Center searches for new director

Dan Berglund

The University’s China Center will begin the final stage of its search for a new director this week, when the first of three finalists arrives on campus.
Hong Yang, a research associate professor at North Carolina State University-Raleigh, will give a public presentation Thursday at 1 p.m. in 15 Humphrey Center. Yang will share his background, research and professional interests, as well as how his interests relate to his vision for the future of the China Center.
Similar presentations are planned at the Humphrey Center for the remaining two candidates, Anthony Kane and Hong Liu, on March 13 and 14.
Joseph Galaskiewicz, a sociology professor serving on the director search committee, said public presentations are unusual at this point in the search process, but will help the candidates get acquainted with the University’s environment.
“This has been different because the candidates are getting to know the campus as well as the position,” said Galaskiewicz, “It would be difficult for them to articulate their goals without coming here.”
Normally, candidates would not acquaint themselves with the University until after receiving the position.
Yang, who works in North Carolina State University’s Department of Chemistry, received his bachelor’s degree in chemistry from Chengdu University of Science and Technology in 1982. He went on to receive his doctorate in chemistry from the State University of New York at Stony Brook in 1990.
Kane, the second candidate, is the executive director of the Coordinating Council for International Education in Washington, D.C. He received a bachelor’s degree in history from Harvard in 1971, a master’s degree in Chinese studies in 1973 and a doctorate in history from the University of Michigan in 1982.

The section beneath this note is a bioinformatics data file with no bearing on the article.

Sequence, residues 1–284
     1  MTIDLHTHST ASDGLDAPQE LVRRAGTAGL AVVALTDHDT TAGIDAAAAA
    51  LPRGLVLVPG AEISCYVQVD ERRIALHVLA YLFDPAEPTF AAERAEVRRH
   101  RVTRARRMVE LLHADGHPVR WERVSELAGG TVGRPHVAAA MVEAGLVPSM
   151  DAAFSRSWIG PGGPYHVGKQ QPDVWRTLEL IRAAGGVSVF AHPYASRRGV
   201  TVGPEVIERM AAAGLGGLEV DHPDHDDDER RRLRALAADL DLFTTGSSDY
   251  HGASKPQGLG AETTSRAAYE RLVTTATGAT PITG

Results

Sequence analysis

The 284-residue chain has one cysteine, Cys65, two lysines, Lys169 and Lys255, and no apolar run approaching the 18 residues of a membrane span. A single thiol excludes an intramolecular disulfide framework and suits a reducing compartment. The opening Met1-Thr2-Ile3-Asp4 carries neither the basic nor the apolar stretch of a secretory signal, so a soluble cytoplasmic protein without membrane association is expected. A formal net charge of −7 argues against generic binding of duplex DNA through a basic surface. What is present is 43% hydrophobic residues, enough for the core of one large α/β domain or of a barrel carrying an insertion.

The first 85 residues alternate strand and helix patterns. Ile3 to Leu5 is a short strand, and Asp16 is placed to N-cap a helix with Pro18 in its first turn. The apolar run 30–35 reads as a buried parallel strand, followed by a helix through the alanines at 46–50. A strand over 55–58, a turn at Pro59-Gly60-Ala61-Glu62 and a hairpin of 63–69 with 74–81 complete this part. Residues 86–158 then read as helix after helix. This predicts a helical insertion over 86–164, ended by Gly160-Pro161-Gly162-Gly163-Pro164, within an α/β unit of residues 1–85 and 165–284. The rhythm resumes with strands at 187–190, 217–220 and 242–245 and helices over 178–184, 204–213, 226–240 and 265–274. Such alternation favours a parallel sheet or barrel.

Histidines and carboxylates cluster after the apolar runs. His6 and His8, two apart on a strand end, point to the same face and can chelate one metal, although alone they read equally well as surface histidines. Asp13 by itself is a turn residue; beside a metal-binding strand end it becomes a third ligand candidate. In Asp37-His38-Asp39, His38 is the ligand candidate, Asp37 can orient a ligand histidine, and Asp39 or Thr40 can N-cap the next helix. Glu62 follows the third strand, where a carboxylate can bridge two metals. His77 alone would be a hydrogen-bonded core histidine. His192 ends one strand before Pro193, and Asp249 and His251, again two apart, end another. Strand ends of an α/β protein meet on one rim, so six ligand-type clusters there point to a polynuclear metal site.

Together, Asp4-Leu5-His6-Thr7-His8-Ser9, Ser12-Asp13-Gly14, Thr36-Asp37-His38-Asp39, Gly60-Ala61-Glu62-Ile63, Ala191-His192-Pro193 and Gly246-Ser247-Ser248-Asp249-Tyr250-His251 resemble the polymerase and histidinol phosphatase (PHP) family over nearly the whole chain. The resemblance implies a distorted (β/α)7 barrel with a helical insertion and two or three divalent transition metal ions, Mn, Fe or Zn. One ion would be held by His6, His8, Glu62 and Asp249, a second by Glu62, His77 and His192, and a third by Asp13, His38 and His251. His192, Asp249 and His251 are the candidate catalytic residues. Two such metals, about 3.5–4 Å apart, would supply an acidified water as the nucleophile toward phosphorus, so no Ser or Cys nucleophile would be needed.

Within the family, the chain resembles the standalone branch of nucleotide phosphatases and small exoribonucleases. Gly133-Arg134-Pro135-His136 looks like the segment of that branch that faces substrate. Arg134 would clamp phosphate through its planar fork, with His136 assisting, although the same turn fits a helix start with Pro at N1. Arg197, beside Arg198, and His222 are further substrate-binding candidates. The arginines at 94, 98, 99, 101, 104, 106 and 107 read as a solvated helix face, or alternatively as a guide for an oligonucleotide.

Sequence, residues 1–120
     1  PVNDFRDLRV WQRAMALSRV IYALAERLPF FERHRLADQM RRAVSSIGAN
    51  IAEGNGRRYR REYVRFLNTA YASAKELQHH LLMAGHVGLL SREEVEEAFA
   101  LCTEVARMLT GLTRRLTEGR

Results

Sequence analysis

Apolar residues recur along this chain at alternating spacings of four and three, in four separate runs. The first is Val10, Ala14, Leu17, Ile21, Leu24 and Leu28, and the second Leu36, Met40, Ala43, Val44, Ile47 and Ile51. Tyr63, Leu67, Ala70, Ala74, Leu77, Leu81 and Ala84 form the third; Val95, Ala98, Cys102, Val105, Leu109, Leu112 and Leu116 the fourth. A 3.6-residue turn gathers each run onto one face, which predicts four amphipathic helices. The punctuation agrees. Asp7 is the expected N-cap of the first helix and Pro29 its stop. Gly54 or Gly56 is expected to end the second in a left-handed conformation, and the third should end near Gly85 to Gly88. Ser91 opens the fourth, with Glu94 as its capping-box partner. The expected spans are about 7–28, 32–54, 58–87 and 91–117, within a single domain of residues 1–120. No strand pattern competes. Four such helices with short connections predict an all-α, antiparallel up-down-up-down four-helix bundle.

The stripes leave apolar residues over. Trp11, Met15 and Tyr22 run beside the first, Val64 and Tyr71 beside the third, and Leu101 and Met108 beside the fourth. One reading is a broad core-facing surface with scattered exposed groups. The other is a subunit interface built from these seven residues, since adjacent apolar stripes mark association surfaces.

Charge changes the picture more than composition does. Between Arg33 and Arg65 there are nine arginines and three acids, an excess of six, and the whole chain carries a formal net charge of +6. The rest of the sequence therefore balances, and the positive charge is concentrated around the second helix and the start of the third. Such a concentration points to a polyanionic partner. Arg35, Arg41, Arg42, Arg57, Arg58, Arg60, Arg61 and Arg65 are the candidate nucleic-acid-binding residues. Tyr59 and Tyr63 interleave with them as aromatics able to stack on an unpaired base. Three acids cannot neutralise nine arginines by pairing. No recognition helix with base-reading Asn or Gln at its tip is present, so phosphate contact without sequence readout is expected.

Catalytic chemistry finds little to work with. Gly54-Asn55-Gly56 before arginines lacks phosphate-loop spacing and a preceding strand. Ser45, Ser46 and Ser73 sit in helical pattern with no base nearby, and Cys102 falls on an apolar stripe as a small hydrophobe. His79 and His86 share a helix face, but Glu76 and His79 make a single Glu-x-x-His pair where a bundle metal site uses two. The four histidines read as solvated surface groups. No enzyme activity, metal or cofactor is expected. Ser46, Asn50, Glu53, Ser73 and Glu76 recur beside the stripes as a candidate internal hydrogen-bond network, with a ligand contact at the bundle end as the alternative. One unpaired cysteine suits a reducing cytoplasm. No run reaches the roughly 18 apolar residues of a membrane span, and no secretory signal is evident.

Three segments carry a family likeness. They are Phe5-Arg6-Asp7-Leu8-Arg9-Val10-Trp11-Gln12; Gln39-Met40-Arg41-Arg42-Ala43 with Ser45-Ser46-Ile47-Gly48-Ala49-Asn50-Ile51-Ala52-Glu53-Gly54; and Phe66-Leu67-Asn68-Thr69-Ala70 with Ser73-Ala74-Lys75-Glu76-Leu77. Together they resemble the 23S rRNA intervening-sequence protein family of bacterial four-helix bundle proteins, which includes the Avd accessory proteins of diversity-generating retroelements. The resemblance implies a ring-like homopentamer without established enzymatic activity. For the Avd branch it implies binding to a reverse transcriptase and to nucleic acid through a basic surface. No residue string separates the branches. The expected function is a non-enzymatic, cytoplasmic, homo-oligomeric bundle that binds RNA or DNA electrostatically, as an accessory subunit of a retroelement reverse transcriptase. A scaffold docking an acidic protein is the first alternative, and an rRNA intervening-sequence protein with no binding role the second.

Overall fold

Liu, the final candidate, is a lecturer in marketing and director of the China Business Center at Manchester University in England. Liu earned his bachelor’s degree in engineering at Beijing University of Science and Technology in 1982, his master’s in industrial economics at the People’s University of China in 1987 and his doctorate from Warwick Business School in 1991.
A fourth candidate, Denis Fred Simon, withdrew from the search last month to accept a position at the University of Massachusetts.
Galaskiewicz said he expects the new director to be selected by the middle of the month, however, he expects the transition to take several more months.
The China Center, established at the University in 1979, is a national and statewide support service for faculty members, students and scholars from China, Hong Kong and Taiwan.
The four University campuses are home to 1,300 Chinese students, the largest population of any university in the United States.
The director position has been vacant since Dec. 15, 1998, when David Pui, a Department of Mechanical Engineering researcher, stepped down to resume full-time teaching and research.

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